On Thursday, Norman Powell became the latest NBA player to find out just how much it pays to be a worthy competitor these days.
After the lengthiest holdout for quite some time, Adrian Wojnarowski reported that Powell and the Toronto Raptors agreed on a four-year, $42 million extension that will begin with the 2018-19 season and keep the the guard under contract through at least the conclusion of the 2020-2021 season. He will have a player option on the 2021-2022 season.
More than anything else, the re-signing of Powell serves as the latest example of teams in each conference committing major dollars to keeping their cores intact. Prior to re-signing Powell, earlier this summer, the Raptors inked Kyle Lowry to a three-year, $100 million contract just one season after signing DeMar DeRozan to a five-year, $139 million deal. After re-signing Lowry, the club also re-signed free agent forward Serge Ibaka to a three-year, $65 million deal and C.J. Miles to a three-year, $25 million pact.
In other words, over the past two summers, the Raptors have made more than $365 million in salary commitments, while the club still has hefty commitments to Jonas Valanciunas and C.J. Miles.
While it would be easy to look at the Raptors and wonder why they would commit such hefty sums in aging players such as Lowry and Ibaka, their choice is fairly easy to make. Although the Powell deal puts the Raptors guaranteed payroll at about $126 million (well above the $119 million luxury tax threshold), the club now finds itself in the unenviable predicament of being faced with tough choices. Teams rarely get better by letting talent walk out the door for free, and the Raptors find themselves so far above the league’s $99 million salary cap that allowing Powell to walk away for nothing in return would have done little to help the fortunes of a team that has cemented itself as a perennial contender in the Eastern Conference.
As it relates to Powell specifically, the 24-year-old showed appreciable signs of growth last season. With DeMarre Carroll being traded to the Brooklyn Nets this past summer, the starting small forward spot has been vacated. As the Raptors compete in the preseason, Powell and the aforementioned Miles seem to be the most likely to replace Caroll in the team’s starting lineup. In 18 minutes per game last season, Powell averaged 8.4 points, 2.2 rebounds and 1.1 assists. He also converted 35 percent of his three-point shots. Since being drafted with the 46th overall pick of the 2015 NBA Draft, Powell has proven to be the type of player head coach Duane Casey covets. From the defensive standpoint, Powell yields little to opposing guards, but it’s his shooting that has been a revelation. During the final month of the regular season last year, Powell converted 23 of his 51 looks. The Raptors, obviously, are hoping that the proficient shooting wasn’t an aberration.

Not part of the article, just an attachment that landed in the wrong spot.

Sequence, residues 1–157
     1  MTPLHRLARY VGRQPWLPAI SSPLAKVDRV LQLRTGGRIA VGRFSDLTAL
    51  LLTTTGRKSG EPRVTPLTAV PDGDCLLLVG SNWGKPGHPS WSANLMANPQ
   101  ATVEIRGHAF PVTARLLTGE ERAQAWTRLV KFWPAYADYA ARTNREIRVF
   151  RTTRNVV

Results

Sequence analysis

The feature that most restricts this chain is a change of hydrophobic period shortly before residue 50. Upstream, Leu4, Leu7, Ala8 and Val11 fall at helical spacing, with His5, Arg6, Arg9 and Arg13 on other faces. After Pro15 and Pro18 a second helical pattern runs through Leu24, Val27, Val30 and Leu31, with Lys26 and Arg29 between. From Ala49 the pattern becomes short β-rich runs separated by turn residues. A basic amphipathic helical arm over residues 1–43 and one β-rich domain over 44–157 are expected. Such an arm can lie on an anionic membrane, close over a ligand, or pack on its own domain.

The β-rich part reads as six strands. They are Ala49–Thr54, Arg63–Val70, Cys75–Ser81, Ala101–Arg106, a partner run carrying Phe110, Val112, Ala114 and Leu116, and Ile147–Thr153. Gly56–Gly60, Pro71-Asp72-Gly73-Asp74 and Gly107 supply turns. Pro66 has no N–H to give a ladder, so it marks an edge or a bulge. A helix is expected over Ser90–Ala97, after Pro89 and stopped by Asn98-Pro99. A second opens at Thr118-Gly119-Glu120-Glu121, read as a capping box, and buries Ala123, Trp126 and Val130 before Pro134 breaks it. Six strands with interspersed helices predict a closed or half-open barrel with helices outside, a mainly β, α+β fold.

Some around the team are convinced that the trading of Carroll to Brooklyn in what amounted to a salary dump was done to serve two purposes: (1) to rid the team of the remaining $30 million due to Carroll over the final two years of his contract and (2) to free up some minutes at the swingman position to allow additional playing time for some of the younger pieces brought in by general manager Masai Ujiri over the past few years.
With Powell finally having come to terms with the Raptors on a new deal, the third-year guard and the team can focus on more important matters—mainly toppling the Boston Celtics atop the NBA’s Atlantic Division.
Of all teams in the Eastern Conference, the Raptors are the one that has enjoyed the most continuity. With the new faces in Cleveland and Boston, the Raptors will head into the 2017-18 season betting that their familiarity with one another will help them rise toward the top of the conference once again.
Fortunately for Norman Powell, that prospects includes a brand new four-year deal and an implicit promise to be one of the team’s principal players for years to come.
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